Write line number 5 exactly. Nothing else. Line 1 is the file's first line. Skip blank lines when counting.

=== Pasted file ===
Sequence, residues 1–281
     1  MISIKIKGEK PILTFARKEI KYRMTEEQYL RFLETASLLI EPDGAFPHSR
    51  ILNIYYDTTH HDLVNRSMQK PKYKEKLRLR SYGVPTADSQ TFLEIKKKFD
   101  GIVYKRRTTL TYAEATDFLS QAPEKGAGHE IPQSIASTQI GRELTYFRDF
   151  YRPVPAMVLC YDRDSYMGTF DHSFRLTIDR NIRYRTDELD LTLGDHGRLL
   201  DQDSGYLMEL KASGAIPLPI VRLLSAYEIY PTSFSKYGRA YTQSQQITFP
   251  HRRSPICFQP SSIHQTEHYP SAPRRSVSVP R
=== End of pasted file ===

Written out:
   151  YRPVPAMVLC YDRDSYMGTF DHSFRLTIDR NIRYRTDELD LTLGDHGRLL